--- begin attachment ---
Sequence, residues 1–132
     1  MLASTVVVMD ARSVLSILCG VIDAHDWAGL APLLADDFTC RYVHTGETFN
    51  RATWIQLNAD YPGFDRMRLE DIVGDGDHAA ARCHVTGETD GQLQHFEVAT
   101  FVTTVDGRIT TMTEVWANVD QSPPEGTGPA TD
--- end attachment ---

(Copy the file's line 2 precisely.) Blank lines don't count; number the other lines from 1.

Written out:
     1  MLASTVVVMD ARSVLSILCG VIDAHDWAGL APLLADDFTC RYVHTGETFN